Monday, May 28, 2012

Helen Merrill: vocalist and musician

In I remember Clifford Part 3 I posted information about Helen Merrill's collaborative album with Clifford Brown and provided some example clips from those sessions. The deeper I dig into her background and music, the more impressed I become.

Marc Myers' five part interview of Merrill on JazzWax provided many insights into Merrill, including anecdotes from the 1954 Clifford Brown recording session, and her approach as a musician. And she isn't a vocalist - she is a musician in every sense the same way Anita O'Day was a musician. They both understood how to use their voices as instruments.

What, you are probably asking, does this have to do with drummers? The answer is she emphasizes how important it is to have musicians who connect with her instead of merely accompanying her. During her era, and especially in jazz, the best musicians listened to each other. I recall hearing or reading Papa Jo Jones' advice to do just that too. To illustrate the connection between and among musicians comprising an ensemble, I found a few of Helen's albums that are shining examples and should be closely studied by both drummers and bassists. Especially those who are in groups with vocalists.

The first album is The Duets. Recorded in 1988, Helen's powers are somewhat diminished, but her phrasing and ability to get inside of a song and deliver it are among the reasons I recommend it.

As a music lover, the real power of this album is Helen's skill as a vocalist who - like Anita O'Day - uses her voice as an instrument, and the arrangements by Ron Carter. Indeed, the fact that only Merrill, Carter on bass, and a very subtle Victor See-Yuen on percussion are the ensemble makes this an essential album for musicians. See-Yuen's percussion is so under the music, adding a rhythmic fabric, that Merrill's voice and Carter's bass combine in ways one would have never guessed with such a line-up. This clip is a prime example.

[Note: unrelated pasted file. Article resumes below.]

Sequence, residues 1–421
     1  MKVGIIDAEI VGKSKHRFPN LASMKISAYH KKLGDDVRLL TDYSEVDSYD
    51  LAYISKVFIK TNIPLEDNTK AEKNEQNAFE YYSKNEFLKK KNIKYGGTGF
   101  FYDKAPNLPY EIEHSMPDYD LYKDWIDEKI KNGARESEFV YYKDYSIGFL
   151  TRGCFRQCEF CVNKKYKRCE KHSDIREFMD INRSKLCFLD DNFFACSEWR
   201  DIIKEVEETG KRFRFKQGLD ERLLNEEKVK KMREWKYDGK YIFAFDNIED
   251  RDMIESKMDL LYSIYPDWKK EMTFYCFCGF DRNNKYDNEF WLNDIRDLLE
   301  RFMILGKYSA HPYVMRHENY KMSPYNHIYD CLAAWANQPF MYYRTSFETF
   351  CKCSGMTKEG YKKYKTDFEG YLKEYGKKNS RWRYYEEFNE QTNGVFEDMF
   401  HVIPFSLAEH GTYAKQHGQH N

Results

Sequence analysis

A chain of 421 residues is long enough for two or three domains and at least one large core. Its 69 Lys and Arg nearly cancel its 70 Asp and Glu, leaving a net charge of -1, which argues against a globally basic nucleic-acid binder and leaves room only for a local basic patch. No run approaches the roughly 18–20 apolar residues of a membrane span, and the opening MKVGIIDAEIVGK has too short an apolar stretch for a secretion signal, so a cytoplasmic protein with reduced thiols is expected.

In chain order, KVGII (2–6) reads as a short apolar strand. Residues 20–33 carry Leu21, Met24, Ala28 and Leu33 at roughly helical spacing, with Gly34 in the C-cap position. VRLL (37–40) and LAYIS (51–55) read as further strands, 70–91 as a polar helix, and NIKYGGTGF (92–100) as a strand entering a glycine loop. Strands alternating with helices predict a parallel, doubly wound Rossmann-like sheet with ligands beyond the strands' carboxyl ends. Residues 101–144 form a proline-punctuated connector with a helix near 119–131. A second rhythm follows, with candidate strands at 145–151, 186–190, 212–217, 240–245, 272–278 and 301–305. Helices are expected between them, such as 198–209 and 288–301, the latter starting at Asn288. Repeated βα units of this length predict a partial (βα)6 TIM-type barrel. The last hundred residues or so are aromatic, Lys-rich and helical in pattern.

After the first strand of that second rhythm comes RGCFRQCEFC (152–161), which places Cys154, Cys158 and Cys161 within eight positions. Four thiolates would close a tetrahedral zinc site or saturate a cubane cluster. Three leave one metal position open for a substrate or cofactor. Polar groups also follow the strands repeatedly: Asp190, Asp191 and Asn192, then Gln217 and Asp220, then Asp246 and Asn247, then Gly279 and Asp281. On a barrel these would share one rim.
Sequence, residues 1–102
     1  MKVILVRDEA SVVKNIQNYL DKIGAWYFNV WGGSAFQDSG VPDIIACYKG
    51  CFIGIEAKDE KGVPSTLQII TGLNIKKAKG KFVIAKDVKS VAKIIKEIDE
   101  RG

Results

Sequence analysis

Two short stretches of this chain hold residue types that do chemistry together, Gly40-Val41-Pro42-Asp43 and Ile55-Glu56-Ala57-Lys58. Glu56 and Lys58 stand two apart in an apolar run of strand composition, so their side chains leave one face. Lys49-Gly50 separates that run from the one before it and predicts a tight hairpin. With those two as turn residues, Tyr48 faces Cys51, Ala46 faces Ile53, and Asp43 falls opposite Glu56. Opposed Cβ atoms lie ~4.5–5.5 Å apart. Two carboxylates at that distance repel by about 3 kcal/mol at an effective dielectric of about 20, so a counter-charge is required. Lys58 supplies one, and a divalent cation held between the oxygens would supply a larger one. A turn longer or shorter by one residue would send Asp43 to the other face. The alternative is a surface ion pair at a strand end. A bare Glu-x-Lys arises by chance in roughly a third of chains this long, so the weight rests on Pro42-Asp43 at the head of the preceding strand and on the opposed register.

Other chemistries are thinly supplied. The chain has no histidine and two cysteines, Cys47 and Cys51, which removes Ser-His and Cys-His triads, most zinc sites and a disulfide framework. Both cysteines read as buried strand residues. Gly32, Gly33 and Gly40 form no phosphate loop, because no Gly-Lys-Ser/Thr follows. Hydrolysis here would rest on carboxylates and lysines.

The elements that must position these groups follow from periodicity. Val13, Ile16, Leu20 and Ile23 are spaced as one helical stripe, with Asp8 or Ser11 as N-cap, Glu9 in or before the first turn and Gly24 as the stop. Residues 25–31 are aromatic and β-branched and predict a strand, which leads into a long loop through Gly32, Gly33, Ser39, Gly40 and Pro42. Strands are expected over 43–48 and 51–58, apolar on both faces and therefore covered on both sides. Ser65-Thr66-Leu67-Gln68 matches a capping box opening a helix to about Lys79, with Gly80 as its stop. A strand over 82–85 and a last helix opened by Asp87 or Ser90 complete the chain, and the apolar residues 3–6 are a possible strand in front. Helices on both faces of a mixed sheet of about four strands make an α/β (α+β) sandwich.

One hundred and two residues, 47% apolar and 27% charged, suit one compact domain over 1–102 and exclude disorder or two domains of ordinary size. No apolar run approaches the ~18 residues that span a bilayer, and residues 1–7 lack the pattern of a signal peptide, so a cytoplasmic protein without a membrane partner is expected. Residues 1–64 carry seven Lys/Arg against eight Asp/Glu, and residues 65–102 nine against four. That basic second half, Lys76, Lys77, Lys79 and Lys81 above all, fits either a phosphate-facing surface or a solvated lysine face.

The selection of songs and how Carter arranged them are also reasons why this album works so well. In my quest to learn of and listen to all things Helen Merrill, I came across interviews where she emphasizes many times how important it is to have musicians who connect with her instead of merely accompanying her. Carter's arrangements give that space, and he and See-Yuen do connect with her, as shown by this example.

Listening as a musician I marvel at the way a vocialist and bassist can create an eleven track album that is interesting and enjoyable. It should open the eyes of any small ensemble about the musical possibilities that can be realized. And for bassists, this is like an advanced lesson in melody and groove.

While she will probably be forever remembered for her album with Clifford Brown - surely a masterpiece - her singing on that album only hints at the approach she discusses in her interview.

A study in contrasts can be made by comparing her earlier album with her Homage to Clifford Brown, which is a much different album. Evidence of how different this album is from the original can be heard by listening to one of my favorite tracks from both albums: You'd Be So Nice To Come Home To. Let's compare them:


40 years later

In the original Helen has a presence, but in a more subtle way. She exuded power, but there was another - almost ineffable - quality on that track and the others from that magic session that is vastly different on this one. I am not implying one is better than the other - just that they are different. Part of the reason, I am sure, is Helen had forty additional years of experience that refined her style. And, frankly, she also had forty years of additional age that will alter, for better or worse, a voice.

Differences for whatever reasons do not mask the fact that her phrasing in both are impeccable and she and the musicians with whom she shared the session were connected. Therein lies the lesson. It's not an easy lesson, and perhaps this material is too obscure for many because I have had the advantage of delving deeply into it. The music - even Helen's voice - may be off putting to some. But the interaction between and among the musicians is the key. It's almost like a lost art today. I am offering this set of examples, wrapped in my babbling, as something that merits deep thought and study.

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